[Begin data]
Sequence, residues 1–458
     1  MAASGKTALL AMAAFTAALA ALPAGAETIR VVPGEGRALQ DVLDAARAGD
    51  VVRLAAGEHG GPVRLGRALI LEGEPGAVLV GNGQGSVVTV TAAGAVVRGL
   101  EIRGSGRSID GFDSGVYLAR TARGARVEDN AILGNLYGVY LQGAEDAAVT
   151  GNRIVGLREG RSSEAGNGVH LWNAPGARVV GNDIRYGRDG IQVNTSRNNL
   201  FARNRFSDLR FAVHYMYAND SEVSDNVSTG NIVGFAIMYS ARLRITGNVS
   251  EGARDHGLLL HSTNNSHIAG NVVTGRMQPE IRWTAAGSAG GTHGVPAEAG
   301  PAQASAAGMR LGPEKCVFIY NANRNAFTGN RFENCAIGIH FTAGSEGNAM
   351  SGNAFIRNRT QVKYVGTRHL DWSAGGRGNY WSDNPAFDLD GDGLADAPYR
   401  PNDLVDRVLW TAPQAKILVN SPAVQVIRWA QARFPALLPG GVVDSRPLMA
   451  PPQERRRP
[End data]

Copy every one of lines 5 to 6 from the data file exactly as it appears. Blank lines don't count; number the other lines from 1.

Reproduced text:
   151  GNRIVGLREG RSSEAGNGVH LWNAPGARVV GNDIRYGRDG IQVNTSRNNL
   201  FARNRFSDLR FAVHYMYAND SEVSDNVSTG NIVGFAIMYS ARLRITGNVS